Thursday, July 2, 2015

In Pieces: A Beautiful Interactive Exhibit Of Endangered Species

Source: In Pieces
Every once in a while, an interactive website comes along that is as beautiful as it is instructive. In Pieces is just that site. The interactive exhibition turns 30 of the world's most interesting endangered species facing a fragmented survival into captivating images of complex, paper folding using 30 pieces. Bryan James is the creative designer who built the project using CSS polygons that morph and move. He provides an extensive list of sources for his content as well as a host of links for other organizations that would be helpful for student research.

Source: In Pieces
The site is thought-provoking and guaranteed to engage learners about the beauty of nature and the need to protect species under the threat of extinction. With melodic music playing in the background, users can chose to have the exhibition cycle through all the species, or select one at a time to explore.

Source: In Pieces
Artistically, it fascinates the eye, but on a deeper level, it provides extensions for learning and discovery. Teachers can easily use the tools and links for students to explore the risk to each one by selecting, "What's the threat?" A brief summary appears describing the dangers, predators, and organizations trying to help. They can also watch a short video showing the animal in its natural habit.

Source: In Pieces
In addition, In Pieces supplies a range of statistical information using an interactive graph. Each one, like each threat, is slightly different. The information includes topics such as population, recovery plan, re-introduction into the wild, and captivity. Using the statistics, students could plot their own charts to compare the rates of decline or the efforts to recover. Whether in a science or a math lesson, the possibilities are endless.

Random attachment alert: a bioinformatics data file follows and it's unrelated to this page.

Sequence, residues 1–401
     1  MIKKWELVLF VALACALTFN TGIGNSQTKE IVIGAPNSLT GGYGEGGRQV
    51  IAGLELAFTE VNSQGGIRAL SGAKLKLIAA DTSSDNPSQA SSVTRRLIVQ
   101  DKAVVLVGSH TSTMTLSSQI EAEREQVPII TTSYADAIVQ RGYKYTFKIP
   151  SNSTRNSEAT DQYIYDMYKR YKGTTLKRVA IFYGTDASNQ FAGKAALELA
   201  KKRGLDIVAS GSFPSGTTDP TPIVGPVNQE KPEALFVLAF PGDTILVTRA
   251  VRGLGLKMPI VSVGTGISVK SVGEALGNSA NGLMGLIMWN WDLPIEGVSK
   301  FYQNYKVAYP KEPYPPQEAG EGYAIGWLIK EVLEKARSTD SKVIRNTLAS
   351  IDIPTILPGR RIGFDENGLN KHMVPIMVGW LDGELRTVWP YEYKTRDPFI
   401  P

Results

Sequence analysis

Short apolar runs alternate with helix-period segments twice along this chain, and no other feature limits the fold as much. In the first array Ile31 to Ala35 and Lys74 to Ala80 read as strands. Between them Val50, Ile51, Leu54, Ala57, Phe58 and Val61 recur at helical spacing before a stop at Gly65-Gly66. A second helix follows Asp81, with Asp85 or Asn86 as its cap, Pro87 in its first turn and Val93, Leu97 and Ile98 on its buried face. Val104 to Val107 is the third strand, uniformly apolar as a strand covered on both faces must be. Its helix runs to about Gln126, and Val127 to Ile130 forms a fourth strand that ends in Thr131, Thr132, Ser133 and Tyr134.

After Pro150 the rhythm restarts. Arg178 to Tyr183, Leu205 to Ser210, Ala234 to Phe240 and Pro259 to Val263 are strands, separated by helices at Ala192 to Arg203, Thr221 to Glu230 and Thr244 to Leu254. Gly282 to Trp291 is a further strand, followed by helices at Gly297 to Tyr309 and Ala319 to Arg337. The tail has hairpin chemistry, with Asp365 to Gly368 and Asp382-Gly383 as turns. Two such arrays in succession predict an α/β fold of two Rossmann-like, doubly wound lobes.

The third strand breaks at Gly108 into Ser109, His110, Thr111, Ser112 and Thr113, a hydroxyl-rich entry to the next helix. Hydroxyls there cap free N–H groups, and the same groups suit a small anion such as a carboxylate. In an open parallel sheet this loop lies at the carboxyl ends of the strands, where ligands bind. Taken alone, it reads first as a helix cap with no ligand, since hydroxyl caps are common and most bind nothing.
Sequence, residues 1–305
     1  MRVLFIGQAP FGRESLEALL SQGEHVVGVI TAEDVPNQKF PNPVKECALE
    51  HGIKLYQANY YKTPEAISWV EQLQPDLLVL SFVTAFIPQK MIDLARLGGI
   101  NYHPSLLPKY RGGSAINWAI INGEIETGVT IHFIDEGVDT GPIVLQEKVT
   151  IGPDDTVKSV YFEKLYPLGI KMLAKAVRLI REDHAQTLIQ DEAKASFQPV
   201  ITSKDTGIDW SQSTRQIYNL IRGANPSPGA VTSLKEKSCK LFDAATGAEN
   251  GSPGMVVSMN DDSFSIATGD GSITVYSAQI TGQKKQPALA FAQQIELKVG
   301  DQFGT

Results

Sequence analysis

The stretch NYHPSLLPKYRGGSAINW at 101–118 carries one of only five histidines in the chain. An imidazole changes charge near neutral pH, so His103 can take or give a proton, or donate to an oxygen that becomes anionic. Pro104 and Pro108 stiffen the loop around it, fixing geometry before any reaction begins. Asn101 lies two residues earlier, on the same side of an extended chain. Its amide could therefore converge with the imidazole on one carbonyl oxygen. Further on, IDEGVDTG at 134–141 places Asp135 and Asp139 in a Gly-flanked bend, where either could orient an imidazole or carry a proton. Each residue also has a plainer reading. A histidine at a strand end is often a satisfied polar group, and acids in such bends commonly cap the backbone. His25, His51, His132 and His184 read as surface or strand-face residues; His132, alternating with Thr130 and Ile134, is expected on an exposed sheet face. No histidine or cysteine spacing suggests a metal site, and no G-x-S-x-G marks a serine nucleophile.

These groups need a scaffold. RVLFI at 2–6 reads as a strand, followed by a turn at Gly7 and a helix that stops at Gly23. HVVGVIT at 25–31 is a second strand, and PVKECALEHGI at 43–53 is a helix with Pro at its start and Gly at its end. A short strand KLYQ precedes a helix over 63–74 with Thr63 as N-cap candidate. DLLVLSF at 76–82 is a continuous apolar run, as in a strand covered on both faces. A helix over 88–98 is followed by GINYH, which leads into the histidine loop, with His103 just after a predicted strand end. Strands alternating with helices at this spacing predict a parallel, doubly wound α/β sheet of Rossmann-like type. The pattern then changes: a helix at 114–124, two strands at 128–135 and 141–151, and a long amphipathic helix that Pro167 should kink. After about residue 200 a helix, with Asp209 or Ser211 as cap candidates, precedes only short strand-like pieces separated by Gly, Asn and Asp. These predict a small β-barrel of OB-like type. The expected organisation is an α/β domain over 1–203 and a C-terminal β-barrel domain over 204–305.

Source: In Pieces
In Pieces hopes to inspire and educate others about the sensitive need to protect the diversity of species. The intriguing way the designer brings fragmented pieces together makes a powerful connection.

If people come together, we can save the species the world is on the verge of losing.

Monday, June 29, 2015

Visual Civics: Designing A Candidacy - Hillary Clinton

Source: Hillary For America

More ink has been spilt over Hillary Clinton’s campaign logo than on all of the other candidates' emblems combined. Much of the commentary has come from exasperated Democrats, who are gnashing their teeth and throwing up their hands at the inexplicably chunky symbol that Clinton’s team devised. Twitter went gonzo over the medieval, early-1980s graphic. A "@HillaryLogo" parody account quickly sprung up from the folks at Cold Spark Media to lob satirical grenades about the motif's perceived inelegance. Other outlets were cautiously more complimentary, while still pointing out the stiffness of the overall archetype.